Admission

Students who are admitted to study programmes at UiO must each semester register which courses and exams they wish to sign up for in Studentweb.

If you are not already enrolled as a student at UiO, please see our information about admission requirements and procedures.

Apply for guest student status if you are admitted to another Master's programme, or have completed a master in Economics at UiO or another Norwegian University.

You can not attend this course if you have already passed specific ECON-courses at a higher level.

Prerequisites

Recommended previous knowledge

Good background i microeconomics and mathematics. It is recommended to take the course either in parallel with or after ECON4200 - Microeconomics and Game Theory, and ECON4120 - Mathematics 2: Calculus and Linear Algebra

Overlapping courses

10 credits overlap with SØK/ECON411 Macroeconomics advanced

Teaching

Lectures: 4 hours per week in the first half of the semester, 2 hours per week in the second half.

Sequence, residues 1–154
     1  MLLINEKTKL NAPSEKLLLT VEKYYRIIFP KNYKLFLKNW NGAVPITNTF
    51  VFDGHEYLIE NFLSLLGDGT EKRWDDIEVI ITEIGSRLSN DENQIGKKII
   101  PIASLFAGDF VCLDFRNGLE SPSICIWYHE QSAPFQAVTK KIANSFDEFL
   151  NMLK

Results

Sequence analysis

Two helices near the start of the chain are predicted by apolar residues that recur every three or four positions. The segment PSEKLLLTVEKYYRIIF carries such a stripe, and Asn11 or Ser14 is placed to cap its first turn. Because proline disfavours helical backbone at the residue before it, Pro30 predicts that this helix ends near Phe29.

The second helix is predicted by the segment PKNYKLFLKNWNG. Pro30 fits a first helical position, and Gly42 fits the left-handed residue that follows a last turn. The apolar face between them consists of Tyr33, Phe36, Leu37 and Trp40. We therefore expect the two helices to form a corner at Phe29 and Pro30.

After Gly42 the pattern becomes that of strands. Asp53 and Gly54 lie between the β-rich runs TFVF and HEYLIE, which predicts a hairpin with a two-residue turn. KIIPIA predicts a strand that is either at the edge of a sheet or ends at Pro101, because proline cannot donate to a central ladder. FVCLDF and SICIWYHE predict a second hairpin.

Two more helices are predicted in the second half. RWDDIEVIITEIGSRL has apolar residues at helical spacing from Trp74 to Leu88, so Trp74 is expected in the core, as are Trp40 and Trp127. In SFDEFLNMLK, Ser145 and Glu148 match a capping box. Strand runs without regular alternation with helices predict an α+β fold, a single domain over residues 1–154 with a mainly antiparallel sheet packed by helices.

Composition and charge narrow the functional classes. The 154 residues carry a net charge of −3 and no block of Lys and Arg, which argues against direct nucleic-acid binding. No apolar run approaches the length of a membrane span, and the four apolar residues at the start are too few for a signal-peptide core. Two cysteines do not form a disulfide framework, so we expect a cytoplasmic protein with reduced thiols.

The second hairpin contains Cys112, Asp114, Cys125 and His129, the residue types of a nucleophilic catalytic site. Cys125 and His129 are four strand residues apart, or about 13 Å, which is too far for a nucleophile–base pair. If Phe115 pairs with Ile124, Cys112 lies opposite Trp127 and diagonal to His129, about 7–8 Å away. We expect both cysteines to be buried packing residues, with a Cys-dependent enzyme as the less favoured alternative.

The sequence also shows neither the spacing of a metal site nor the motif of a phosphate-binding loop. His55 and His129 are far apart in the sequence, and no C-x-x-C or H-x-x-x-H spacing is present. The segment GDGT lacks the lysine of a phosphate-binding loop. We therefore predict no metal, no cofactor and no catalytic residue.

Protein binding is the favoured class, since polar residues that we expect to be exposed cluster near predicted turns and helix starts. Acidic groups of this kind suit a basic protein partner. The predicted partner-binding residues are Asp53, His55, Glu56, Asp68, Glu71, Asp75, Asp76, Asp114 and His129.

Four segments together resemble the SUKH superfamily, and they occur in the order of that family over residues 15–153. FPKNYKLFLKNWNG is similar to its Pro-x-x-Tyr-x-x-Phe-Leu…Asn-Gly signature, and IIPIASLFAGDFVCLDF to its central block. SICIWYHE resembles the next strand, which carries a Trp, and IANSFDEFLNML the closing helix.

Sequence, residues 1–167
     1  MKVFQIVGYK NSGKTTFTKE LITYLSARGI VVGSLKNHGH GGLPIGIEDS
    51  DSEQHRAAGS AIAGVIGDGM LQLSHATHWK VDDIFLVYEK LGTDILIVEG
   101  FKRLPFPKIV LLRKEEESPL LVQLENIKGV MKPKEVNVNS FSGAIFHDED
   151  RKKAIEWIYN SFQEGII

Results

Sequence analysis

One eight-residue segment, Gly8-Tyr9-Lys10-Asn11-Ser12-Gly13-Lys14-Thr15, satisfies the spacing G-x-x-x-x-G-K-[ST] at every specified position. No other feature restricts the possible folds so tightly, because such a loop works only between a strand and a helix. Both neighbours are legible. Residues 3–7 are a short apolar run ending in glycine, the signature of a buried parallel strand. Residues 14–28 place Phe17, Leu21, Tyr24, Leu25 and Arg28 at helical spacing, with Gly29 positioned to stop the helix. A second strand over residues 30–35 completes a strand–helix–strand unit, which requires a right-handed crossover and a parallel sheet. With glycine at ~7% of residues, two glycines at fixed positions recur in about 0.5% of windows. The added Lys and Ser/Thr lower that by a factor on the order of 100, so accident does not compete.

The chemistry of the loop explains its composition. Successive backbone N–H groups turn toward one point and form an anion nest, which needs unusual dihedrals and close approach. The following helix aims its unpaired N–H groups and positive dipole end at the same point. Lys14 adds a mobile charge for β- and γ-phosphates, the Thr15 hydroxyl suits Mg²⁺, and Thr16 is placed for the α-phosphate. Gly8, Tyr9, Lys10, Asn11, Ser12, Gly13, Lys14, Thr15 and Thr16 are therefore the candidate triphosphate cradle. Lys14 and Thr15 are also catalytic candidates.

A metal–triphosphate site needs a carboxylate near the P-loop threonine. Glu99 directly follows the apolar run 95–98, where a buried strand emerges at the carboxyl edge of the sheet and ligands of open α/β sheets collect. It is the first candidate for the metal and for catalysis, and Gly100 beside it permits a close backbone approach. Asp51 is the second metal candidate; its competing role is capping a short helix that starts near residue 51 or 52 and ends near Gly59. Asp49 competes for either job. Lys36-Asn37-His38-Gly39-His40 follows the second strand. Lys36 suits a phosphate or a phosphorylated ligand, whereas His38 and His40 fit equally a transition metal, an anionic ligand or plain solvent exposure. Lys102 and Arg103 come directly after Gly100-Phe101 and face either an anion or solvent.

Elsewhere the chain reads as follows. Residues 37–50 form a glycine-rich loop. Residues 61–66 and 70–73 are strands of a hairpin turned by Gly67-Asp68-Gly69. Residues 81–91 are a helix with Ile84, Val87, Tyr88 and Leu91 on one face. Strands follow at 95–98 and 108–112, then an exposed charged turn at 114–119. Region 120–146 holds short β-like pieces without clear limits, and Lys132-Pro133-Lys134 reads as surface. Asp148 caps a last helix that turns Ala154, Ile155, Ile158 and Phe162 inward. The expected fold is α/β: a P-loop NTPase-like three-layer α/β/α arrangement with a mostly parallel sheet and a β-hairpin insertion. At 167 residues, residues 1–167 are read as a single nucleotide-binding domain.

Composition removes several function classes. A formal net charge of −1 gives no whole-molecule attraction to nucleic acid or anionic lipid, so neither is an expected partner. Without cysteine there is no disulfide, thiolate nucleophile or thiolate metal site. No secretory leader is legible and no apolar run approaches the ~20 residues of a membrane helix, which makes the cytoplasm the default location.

Seminars: 2 hours per week through the second half of the semester.

Compulsory tuition activities:

  • A compulsory term paper.

If the compulsory term paper is not approved, you may be given a second attempt to hand in a new term paper/improve the term paper within a short deadline. 

When the compulsory term paper is approved, the result will be registered. The term paper will be valid for 8 consecutive semesters.

See The Faculty of Social Sciences' rules regarding compulsory tuition activities.

Candidates who have passed the course before autumn 2016 and wish to re-take the exam need to get the term paper approved before they can re-take the exam.

Absence from compulsory tuition activities

If you are ill or have another valid reason for being absent from compulsory tuition activities, your absence may be approved or the compulsory activity may be postponed.

Examination

A 3-hour written school exam.

You must have passed the mandatory activities in order to sit for the exam.